Controversial metadata retention laws could pass parliament by the end of next week with Labor’s backing.
But details of a government promise to protect journalists and their sources have yet to be outlined, including whether reporters would be informed before their data has been accessed.
The opposition agreed to support the regime, which forces telecommunications companies to keep two years of customer data, after the government supported a warrant process for access to journalist’s sources.
Debate on the legislation kicked off in parliament on Tuesday with Labor still awaiting details of that promised amendment.
But it may mean journalists would only know “some time afterwards” if a warrant has been issued.
“It might be that you say after the event, which is what occurs with some warrants now,” shadow-attorney general Mark Dreyfus said.
The government said it agreed to the limited “but not necessary” change because it wanted the legislation to pass parliament by the end of next week.
The exemption is unlikely to protect bloggers.
Attorney-General George Brandis dismissed as “outrageous hyperbole” criticism from the journalists’ union that even with the change, the laws were an attack on press freedom.
“This has never been about journalists,” he said, adding it was unlikely their sources would be involved in terrorism, organised crime or paedophilia.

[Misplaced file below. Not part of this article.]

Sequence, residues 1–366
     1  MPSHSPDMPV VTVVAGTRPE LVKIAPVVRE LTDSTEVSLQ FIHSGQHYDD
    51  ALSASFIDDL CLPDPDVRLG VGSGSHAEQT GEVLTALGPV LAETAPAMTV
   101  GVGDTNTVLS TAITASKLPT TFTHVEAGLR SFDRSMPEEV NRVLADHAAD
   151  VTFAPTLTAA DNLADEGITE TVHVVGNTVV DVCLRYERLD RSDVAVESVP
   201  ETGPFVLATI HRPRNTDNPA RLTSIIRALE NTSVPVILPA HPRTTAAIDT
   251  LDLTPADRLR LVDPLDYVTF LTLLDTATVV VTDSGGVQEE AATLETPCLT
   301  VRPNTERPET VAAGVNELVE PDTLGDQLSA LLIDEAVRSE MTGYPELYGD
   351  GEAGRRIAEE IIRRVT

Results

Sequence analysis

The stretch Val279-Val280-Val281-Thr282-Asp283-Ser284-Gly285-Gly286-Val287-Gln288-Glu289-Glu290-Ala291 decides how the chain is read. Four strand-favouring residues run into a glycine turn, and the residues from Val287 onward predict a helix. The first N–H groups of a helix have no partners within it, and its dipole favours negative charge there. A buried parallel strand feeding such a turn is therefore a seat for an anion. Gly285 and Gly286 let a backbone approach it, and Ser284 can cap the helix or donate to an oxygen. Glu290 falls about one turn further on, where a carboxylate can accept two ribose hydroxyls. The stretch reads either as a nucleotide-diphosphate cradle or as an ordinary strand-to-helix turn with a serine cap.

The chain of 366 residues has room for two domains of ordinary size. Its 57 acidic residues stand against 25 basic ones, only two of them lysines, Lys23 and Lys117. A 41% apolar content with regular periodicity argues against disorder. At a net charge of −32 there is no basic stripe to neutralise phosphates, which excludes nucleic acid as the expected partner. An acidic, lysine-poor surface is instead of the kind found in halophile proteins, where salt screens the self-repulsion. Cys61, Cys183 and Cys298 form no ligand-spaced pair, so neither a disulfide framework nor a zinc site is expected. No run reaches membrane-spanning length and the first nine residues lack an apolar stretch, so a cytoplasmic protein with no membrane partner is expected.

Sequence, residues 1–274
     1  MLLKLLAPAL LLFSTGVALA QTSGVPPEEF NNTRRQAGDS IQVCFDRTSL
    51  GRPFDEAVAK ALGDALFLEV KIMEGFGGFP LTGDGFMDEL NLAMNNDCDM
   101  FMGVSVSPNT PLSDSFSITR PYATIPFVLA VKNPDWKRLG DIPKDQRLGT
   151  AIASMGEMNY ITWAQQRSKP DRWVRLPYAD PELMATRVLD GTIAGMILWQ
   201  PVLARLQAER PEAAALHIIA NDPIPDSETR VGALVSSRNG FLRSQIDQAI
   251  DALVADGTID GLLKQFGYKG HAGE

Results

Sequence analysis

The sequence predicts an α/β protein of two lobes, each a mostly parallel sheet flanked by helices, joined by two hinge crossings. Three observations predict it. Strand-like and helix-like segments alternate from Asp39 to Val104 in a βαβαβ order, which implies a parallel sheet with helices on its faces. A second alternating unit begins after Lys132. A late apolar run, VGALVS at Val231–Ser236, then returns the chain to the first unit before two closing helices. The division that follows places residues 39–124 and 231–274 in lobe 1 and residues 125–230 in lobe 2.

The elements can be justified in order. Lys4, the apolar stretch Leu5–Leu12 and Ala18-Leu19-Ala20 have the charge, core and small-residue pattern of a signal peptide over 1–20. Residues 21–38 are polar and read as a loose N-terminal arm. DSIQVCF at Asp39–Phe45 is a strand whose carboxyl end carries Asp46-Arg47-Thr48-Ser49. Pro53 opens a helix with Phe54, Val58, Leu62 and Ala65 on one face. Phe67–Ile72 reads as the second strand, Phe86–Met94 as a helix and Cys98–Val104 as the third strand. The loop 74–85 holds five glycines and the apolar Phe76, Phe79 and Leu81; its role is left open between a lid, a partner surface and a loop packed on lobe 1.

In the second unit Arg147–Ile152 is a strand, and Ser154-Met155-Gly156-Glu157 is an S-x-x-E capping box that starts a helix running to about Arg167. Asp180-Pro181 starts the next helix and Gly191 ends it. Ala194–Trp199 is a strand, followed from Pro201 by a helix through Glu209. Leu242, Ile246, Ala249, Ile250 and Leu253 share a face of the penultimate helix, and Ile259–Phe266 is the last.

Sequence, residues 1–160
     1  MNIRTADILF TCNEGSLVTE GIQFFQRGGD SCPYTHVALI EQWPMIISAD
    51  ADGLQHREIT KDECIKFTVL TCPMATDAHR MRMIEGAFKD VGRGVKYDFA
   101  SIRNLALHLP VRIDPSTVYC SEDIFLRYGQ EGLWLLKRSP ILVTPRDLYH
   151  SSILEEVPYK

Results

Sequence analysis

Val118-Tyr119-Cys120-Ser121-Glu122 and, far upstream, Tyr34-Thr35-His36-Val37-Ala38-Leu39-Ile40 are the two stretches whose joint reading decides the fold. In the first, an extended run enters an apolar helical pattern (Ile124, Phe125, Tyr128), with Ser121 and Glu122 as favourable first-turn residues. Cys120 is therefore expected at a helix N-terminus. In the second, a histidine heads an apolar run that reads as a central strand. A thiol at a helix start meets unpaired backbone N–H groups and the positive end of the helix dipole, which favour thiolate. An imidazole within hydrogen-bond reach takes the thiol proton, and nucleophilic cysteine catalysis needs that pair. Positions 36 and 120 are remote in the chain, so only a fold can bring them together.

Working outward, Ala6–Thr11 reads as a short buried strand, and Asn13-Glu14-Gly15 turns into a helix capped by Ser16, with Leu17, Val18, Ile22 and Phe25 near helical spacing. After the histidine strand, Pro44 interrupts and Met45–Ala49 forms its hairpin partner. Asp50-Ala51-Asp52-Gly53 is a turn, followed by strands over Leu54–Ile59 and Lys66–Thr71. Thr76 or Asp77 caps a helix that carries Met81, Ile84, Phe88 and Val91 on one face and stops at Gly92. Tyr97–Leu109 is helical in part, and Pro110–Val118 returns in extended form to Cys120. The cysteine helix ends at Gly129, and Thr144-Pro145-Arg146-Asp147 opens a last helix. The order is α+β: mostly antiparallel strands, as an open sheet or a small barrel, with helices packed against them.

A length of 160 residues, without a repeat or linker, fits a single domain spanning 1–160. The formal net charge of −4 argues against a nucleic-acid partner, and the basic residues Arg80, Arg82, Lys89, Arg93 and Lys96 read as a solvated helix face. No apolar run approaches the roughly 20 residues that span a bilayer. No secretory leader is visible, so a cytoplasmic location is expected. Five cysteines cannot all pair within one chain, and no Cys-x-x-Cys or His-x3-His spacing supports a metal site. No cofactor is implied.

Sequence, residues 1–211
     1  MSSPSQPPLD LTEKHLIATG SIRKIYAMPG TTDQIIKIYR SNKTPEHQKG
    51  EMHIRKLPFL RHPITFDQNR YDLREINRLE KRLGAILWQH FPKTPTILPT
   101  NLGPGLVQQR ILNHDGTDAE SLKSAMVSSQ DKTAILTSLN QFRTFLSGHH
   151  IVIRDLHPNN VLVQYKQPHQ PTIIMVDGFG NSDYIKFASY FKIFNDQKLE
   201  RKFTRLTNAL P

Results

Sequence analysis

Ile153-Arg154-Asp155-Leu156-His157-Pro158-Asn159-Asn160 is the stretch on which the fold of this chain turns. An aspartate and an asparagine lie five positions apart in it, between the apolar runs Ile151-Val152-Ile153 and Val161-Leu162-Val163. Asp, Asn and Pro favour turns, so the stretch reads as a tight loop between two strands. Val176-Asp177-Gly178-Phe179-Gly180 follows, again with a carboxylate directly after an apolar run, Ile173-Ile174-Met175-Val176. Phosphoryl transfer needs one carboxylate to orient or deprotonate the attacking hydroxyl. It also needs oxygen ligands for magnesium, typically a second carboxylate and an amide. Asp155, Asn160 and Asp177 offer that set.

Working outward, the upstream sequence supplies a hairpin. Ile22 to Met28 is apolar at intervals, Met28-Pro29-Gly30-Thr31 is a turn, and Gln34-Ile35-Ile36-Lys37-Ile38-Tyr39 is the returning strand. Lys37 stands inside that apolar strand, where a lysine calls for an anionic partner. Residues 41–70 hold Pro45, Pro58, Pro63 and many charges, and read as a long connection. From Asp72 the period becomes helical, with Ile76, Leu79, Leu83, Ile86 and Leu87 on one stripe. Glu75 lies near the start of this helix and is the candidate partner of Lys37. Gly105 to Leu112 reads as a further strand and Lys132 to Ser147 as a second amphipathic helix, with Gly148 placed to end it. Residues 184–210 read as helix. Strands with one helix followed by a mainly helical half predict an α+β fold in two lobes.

Federal police joined in the criticism of the Media, Entertainment and Arts Alliance for “falsely” claiming it was actively hunting down journalist’s sources.
“This is inaccurate and a distortion of the comments made,” the Australian Federal Police said in a statement, adding its requests for accessing journalists’ metadata were rare.
Independent senator Nick Xenophon said warrants should be contestable in court and urged the government to look at the meaningful protection offered to journalists in the US.
The Labor caucus on Tuesday spent about 40 minutes debating the bill, with a number of MPs voicing their concerns about its “Orwellian” nature and the lateness of consultation within the party.
Mr Dreyfus dismissed that the party was fractured on support for the laws, saying concerns were about the government’s explanations.